Mountaintop Removal Maps and GIS Resources

Mountaintop removal coal mining is changing the American landscape on a scale that is hard to comprehend unless you see it from the air. Anyone who has ever flown in a small aircraft over southern West Virginia or eastern Kentucky will never forget the experience of seeing the massive scale of destruction – mountain after mountain blown up and dumped into valleys as far as the eye can see.

Appalachian people working to save their communities long dreamed of a way to fly reporters, decision-makers, and thousands of Americans over the Appalachian coalfields to see this destruction first hand. The collection of mapping resources below are our best attempts to approximate that tour.

GIS Download Central

Whether you’re a GIS professional or are just learning to use Google Earth, you’ll surely find these maps and data useful. If you have resources to share, please email us.

Downloadable Resources

What’s My Connection to Mountaintop Removal?

If your home or business is on the electric grid, chances are you are connected to mountaintop removal coal mining in the Appalachian Mountains.

Just enter your zip code to find out how – and then find out what you can do about it.

Details

My Connection Tool

Affected Communities Map

Methodology and Sources

Reclamation FAIL Studies

Many wonder how coal companies justify blowing up the oldest mountains on the continent. Is it because it’s more profitable for them? Because it employs fewer miners? Nope, according to the coal companies, they are blowing up mountains because the Appalachians need more land for economic development.

The promise of “reclaimed” flat land for economic development is a big, flat lie. Two scientific studies reveal that 1.2 million acres, including 500 mountains, have been demolished by coal companies in Kentucky, West Virginia, Virginia and Tennessee. Over 89% of sites are not currently being used for economic development.

Details

Reclamation FAIL map

Details of Studies

Downloads

2009 Extent of Mining Survey
Shape files, Google Earth files, data tables, and more.

2010 Reclamation Survey
Shape files, Google Earth files, data tables, and more.

Tour Mountaintop Removal in Google Earth

If you already have Google Earth on your computer, you can view the Appalachian Mountaintop Removal Layer without downloading anything.

The layer includes a high resolution mine site tour, the National Memorial for the Mountains, before and after image overlays of mines, mine-site overlays on 36 U.S. cities, a 3-D model of a dragline, and more.

Once you have Google Earth open on your computer, open the “Global Awareness” folder in the “Layers” menu at the bottom left portion of your screen. Clicking on “User’s Guide” will help you make the most of your visit.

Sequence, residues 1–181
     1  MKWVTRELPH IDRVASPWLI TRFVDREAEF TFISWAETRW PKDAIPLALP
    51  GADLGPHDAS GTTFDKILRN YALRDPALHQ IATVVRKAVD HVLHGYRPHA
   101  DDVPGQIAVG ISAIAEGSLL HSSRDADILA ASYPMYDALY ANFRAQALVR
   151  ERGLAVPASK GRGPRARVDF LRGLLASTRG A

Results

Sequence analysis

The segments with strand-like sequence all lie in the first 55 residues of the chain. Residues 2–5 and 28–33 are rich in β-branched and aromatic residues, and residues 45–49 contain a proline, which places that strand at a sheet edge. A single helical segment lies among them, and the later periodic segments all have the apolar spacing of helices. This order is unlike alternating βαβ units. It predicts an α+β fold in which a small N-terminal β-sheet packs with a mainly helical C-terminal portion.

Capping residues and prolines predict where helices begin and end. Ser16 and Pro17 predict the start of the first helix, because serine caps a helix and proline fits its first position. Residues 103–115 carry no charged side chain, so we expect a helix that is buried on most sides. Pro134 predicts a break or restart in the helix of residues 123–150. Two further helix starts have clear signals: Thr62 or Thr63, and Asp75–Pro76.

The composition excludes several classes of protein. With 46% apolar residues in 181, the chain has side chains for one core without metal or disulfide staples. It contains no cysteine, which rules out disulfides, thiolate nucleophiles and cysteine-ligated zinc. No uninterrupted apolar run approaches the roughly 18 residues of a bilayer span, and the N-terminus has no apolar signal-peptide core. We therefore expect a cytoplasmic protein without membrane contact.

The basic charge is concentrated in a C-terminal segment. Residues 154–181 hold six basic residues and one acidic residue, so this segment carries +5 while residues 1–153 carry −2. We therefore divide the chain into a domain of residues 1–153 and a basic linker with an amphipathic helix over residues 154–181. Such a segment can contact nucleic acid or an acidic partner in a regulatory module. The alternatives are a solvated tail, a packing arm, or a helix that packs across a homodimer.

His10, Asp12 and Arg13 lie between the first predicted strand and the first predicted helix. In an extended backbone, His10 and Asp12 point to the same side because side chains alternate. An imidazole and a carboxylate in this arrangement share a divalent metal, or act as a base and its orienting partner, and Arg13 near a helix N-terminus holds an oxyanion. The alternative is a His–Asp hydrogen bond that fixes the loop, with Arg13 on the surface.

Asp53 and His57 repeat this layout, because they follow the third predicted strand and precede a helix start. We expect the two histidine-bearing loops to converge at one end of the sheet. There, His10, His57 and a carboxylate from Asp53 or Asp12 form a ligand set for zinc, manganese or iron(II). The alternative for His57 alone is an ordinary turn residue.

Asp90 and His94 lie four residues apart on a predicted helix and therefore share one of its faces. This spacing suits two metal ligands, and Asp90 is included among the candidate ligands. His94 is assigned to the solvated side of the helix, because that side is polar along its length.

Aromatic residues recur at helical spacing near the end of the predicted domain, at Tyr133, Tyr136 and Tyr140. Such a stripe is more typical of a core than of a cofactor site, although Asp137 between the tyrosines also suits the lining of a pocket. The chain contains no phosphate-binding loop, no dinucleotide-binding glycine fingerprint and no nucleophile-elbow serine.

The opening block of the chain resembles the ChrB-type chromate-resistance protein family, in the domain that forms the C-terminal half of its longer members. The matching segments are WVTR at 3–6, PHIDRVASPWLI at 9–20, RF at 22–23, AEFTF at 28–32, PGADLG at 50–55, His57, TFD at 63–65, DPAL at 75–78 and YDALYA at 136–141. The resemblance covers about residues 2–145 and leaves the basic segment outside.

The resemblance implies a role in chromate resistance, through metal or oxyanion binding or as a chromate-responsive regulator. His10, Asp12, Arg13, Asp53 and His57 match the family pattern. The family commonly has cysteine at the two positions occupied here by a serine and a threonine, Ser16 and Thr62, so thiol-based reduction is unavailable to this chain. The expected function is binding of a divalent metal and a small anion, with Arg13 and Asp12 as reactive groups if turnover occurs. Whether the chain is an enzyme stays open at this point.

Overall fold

Details

Explore the Global Awareness folder

Read the Earth Outreach case study

Downloads

Tour file (kmz)

Tour network link – same content above, but the tour is read directly from Google servers (kml)

Mountaintop Removal on 36 U.S. Cities

For most people, its hard to understand how big 10,000 acres really is. So, we superimposed the Hobet mountaintop removal complex in Boone County, WV on 36 of the largest cities in the United States. As shown on the right, Hobet is as big as Manhattan Island in New York City. You can explore the city overlays in three ways: still images, videos, or directly in Google Earth.

Details

Videos and Still Images

Downloads

Hobet overlays (kmz)

National Memorial for the Mountains

The National Memorial for the Mountains was the first online map produced by iLoveMountains.org, and identifies more than 500 mountains destroyed by mountaintop removal coal mining. You can connect with affected communities by exploring stories, photos, maps, videos and interviews of local residents.

For the complete experience, however, including “before and after” views of destroyed mountains, a high-resolution “virtual tour” of a large mountaintop removal site, and more, explore the Appalachian Mountaintop Removal layer in Google Earth.


Appalachian Voices  •  Coal River Mountain Watch  •   Heartwood  •  Keeper of the MountainsKentuckians for the Commonwealth 

Ohio Valley Environmental Coalition  •   Statewide Organizing for Community eMpowermentSierra Club Environmental Justice

Southern Appalachian Mountain Stewards  •   SouthWings  •  Stay Project  •   West Virginia Highlands Conservancy

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